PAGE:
2014-04-03 19:34:45

Ex-Auto Safety Head & Parent of Dead Victim: GM CEOs Should Face Prison for Covering Up Safety Flaws

In 2005, General Motors decided not to change a defective ignition switch redesign because it would have added about a dollar to the cost of each car. At least 13 people have died in accidents as a result, though the number could be much higher. Following two days of contentious congressional testimony by GM CEO Mary Barra, Ken Rimer, whose 18-year-old stepdaughter Natasha Weigel died in a defective Chevy Cobalt in 2005 joins DN!, as well as consumer advocate Joan Claybrook, former head of the National Highway Traffic Safety Administration.

General Motors

Related

Democracy Now!

UAW Demands Fair Salaries and Benefits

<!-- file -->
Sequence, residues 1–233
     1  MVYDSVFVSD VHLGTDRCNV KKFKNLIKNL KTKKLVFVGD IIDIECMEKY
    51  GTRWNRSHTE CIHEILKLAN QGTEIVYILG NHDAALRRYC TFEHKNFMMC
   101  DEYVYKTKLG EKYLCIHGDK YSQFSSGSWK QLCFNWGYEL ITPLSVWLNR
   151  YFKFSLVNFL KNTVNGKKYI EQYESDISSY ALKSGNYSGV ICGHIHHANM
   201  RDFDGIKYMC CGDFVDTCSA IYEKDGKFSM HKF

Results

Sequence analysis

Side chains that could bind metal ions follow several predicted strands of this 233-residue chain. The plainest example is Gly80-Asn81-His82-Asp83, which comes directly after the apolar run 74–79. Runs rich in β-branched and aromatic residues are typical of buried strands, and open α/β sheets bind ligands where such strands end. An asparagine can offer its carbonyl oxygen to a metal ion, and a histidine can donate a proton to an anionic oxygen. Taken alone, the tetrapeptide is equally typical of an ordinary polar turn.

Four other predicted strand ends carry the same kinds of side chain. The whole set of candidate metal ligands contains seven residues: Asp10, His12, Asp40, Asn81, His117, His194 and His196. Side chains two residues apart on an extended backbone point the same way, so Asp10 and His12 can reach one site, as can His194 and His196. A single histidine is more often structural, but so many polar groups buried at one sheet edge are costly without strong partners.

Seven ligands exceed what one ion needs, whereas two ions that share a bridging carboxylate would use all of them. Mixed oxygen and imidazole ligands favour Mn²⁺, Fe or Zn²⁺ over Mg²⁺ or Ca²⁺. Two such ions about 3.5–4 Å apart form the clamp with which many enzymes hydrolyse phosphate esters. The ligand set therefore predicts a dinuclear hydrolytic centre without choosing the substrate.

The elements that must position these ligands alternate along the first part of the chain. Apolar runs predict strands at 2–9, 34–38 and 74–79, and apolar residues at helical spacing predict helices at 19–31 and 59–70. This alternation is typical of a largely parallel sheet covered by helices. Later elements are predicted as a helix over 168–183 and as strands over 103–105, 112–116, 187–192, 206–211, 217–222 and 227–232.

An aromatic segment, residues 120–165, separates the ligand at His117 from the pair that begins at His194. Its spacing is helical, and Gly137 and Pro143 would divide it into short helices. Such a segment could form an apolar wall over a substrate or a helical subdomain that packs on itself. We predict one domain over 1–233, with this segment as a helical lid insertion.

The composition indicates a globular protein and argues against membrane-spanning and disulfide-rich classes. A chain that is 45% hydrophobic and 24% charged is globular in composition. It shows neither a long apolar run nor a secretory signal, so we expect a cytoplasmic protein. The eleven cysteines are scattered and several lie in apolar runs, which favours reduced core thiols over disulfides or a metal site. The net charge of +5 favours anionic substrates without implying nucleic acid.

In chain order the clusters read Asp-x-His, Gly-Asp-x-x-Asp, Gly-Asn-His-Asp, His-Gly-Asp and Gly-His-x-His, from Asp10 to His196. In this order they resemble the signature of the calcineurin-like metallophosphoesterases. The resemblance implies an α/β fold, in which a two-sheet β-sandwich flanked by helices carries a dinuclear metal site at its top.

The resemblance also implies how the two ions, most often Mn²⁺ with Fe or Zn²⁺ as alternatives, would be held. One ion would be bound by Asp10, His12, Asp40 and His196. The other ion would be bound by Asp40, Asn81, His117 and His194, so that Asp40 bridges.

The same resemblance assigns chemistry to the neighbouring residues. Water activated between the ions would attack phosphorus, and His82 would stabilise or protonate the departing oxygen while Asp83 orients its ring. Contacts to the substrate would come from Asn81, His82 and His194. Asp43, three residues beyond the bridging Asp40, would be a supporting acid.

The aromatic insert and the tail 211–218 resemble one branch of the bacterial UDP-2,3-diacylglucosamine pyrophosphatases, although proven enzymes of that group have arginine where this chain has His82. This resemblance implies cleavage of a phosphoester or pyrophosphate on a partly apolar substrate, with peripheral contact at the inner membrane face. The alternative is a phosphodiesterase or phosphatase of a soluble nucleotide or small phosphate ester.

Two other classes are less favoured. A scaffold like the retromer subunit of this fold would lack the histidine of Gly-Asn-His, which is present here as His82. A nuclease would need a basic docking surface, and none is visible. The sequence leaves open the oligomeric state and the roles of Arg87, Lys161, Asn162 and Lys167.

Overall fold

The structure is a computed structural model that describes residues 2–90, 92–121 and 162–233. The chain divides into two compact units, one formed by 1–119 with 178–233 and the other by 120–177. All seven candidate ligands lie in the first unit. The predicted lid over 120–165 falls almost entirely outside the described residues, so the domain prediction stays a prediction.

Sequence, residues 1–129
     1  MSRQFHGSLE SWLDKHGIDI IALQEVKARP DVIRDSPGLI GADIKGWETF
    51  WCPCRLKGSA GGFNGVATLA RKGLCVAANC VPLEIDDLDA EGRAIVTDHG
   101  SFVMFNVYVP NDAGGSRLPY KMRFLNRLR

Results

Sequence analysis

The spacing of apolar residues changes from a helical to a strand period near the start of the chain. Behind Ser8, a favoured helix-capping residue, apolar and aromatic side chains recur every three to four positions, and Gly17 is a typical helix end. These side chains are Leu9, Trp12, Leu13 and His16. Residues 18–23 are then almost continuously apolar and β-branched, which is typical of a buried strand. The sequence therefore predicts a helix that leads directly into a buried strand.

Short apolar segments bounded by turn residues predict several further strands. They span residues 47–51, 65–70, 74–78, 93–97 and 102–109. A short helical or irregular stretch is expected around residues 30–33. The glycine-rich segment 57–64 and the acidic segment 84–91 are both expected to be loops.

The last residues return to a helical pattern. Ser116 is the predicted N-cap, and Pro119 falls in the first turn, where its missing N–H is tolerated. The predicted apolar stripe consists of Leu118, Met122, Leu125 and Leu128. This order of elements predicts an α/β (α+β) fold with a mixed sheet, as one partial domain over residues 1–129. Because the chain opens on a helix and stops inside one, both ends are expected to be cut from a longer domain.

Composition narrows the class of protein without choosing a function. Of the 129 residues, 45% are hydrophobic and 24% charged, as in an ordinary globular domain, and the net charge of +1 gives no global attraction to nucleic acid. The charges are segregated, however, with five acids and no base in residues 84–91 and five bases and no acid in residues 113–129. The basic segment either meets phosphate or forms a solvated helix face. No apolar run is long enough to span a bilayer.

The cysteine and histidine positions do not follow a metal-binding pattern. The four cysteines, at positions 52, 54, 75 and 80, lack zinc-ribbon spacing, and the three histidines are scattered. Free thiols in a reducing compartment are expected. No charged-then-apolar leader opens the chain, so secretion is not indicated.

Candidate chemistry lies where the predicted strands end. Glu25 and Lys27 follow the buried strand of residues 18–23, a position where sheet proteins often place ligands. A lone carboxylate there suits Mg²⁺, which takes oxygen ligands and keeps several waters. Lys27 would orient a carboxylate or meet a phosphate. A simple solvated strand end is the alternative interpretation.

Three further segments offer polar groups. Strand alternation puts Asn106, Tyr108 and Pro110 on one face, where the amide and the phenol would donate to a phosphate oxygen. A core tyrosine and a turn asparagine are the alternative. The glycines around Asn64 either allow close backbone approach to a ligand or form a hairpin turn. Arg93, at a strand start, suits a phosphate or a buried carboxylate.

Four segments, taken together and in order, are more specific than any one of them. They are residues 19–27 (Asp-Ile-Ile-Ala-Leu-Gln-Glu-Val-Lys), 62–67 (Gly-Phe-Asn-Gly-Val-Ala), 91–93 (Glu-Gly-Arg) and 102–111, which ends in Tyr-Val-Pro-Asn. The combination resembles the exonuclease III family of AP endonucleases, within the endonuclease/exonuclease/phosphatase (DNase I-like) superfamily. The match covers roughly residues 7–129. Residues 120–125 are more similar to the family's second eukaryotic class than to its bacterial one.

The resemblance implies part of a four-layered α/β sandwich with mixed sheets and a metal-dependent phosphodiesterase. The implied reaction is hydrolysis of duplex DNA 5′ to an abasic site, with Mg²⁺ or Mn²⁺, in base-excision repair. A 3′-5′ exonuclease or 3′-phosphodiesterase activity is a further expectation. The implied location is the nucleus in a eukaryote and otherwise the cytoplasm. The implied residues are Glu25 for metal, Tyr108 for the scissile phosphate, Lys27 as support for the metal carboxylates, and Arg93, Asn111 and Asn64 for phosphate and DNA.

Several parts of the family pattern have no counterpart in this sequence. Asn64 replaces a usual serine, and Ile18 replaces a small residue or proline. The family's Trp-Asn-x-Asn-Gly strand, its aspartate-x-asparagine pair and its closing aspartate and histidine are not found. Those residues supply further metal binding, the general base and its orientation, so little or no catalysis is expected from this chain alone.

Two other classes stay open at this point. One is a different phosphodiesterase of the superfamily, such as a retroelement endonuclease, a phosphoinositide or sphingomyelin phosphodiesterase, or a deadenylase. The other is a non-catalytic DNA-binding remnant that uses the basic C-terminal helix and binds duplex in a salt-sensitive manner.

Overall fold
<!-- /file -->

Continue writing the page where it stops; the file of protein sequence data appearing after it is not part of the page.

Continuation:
UAW Demands Fair Salaries and Benefits

Rising Up With Sonali

On the Picket Lines With Striking The United Auto Workers

On the Picket Lines With Striking The United Auto Workers

The Thom Hartmann Program

General Motors Proves Trickle Down Theory Only Works If You Shower With Gold Water

General Motors Proves Trickle Down Theory Only Works If You Shower With Gold Water

The David Pakman Show

Trump Threatens to Punish Americans Who Buy Electric Cars

Trump Threatens to Punish Americans Who Buy Electric Cars

Proud Partners